Let's just be honest, this review doesn't really mean much. I mean, it's a new Meg Cabot book- you know you're gonna get it. But the publisher wants a review, so here it is.

This was a fantastic book. I've been a huge fan of the Heather Wells series and was very excited when it was announced that two more book would be written (this and last year's Ready to Rock) after the supposed ending of Big Boned. Cabot's written a perfect series-closer, though I've heard from a BookTalk Nation video chat she did in September that there might be one more book on the way. While I would welcome many many more Heather Wells books, this would've been a great way to leave the series. It's handled so beautifully, and with a cameo from one of Meg's other leading ladies that may have made me squeal with joy.

Reading this book made me really want to re-read the previous four. While I read the fourth last year when it was released, it's been several years since I read the first three (they were released 2005-2007 and I read them at that time). I love spending time with these characters and all the little call-backs and plot refreshers made me nostalgic. I have actually started the re-reading process and it's so much fun. Since it's been so long, it's almost like having a few new Heather Wells books to read!

Cabot really does an amazing job building up all the secondary characters so they feel real and the reader really gets to know them over each novel. It helps so much to infuse life into the world of the series and provides a wonderful familiarity. I particularly love Gavin- he always provides such wonderful humor and is so over-the-top that it's a joy to read scenes he's in.

Like with the last book though, I felt like the murder and the motive weren't as up to par with the ones in the first three books. It just didn't feel very realistic to me. That's honestly my only complaint though, but with so much other stuff going on throughout the book (Heather's mom coming back, her wedding planning, other surprises), it wasn't that big of a deal.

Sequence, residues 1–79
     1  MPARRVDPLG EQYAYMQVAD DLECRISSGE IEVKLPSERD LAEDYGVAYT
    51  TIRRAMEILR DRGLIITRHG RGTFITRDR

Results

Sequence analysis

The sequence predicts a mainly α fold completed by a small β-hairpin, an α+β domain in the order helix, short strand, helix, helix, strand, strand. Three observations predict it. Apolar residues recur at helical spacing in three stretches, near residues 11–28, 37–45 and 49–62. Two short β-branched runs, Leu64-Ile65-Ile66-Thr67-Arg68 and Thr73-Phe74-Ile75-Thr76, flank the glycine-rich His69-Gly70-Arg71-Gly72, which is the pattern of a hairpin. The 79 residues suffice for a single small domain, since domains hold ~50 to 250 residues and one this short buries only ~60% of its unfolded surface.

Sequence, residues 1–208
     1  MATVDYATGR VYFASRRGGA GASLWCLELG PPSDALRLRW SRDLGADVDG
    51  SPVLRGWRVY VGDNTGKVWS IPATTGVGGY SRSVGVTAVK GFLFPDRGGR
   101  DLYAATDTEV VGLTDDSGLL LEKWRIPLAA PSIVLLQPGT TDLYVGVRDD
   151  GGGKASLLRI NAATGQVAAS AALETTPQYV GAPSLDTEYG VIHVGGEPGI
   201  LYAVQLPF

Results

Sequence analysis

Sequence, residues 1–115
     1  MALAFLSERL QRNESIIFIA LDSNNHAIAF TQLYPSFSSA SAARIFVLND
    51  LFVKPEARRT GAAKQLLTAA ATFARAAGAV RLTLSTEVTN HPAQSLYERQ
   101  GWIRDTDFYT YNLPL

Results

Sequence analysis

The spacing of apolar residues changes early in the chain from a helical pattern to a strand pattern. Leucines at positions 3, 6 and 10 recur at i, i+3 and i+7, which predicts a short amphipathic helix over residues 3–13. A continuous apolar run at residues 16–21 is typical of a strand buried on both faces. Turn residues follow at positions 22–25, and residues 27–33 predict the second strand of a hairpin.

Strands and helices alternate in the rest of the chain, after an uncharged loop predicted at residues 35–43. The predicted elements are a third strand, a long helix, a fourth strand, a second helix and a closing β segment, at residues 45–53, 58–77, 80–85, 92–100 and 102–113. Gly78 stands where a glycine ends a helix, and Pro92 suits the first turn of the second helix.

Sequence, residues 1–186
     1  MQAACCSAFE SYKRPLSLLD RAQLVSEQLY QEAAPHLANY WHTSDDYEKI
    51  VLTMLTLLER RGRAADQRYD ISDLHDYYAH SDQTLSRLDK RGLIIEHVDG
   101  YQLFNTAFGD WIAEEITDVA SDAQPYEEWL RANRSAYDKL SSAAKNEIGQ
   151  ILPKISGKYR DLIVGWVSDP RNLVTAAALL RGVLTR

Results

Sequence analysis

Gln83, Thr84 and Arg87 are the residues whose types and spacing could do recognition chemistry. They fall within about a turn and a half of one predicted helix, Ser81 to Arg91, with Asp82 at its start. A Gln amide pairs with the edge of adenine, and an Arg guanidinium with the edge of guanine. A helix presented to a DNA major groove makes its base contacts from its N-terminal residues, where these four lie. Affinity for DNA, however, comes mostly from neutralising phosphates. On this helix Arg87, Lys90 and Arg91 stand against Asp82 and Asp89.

Overall, another great book from Cabot. While there isn't anything announced yet, I look forward to whatever Cabot has in store for us next!

FTC: Received ARC from publisher. Link above is an Amazon Associate link; any profit goes toward funding contests.

Friday, November 1, 2013

Giveaway + Interview- Monsters by Ilsa J. Bick

Monsters by Ilsa J. Bick
"The Changed are on the move. The Spared are out of time. The End...is now.

When her parents died, Alex thought things couldn't get much worse--until the doctors found the monster in her head.

She headed into the wilderness as a good-bye, to leave everything behind. But then the end of the world happened, and Alex took the first step down a treacherous road of betrayal and terror and death.

Now, with no hope of rescue--on the brink of starvation in a winter that just won't quit--she discovers a new and horrifying truth.

The Change isn't over.
The Changed are still evolving.
And...they've had help.

With this final volume of The Ashes Trilogy, Ilsa J. Bick delivers a riveting, blockbuster finish, returning readers to a brutal, post-apocalyptic world where no one is safe and hope is in short supply.

A world where, from these ashes, the monsters may rise."- summary from Amazon

Thanks to Media Masters Publicity and Egmont USA, I have a hardcover copy of Monsters by Ilsa J. Bick to give away. US residents only. All you have to do to enter is just leave a comment on this post by Friday, November 8 at 9pm EST. Leave your email address if it's not readily accessible (i.e. if it's not on your blogger profile). If there are any questions, leave them in the comments. Also, if I can find them, I may be giving out a second prize consisting of the ARCs of Shadows (Book 2) and Monsters (Book 3)- let me know if you prefer one prize over another, or if you're fine with either. So more opportunity to win!

and here's an interview with Ilsa:
1) How did you get the idea for the Ashes trilogy? Is it sad to see the story ending now with the release of Monsters?

About four or five years ago, I read a very good book with an end-of-the-world scenario and liked it so much I found myself wondering if I could pull off something like that. The problem I felt with that book—and others like it, though—was that the setups weren’t that believable; people were too well behaved; and/or we were dropped into societies eons after whatever catastrophe had taken place. So I decided that if I were to try something like that, the science would have to be fairly solid; people would act like the savages they can be; and I would let things evolve rather than simply drop readers into a world that’s already changed.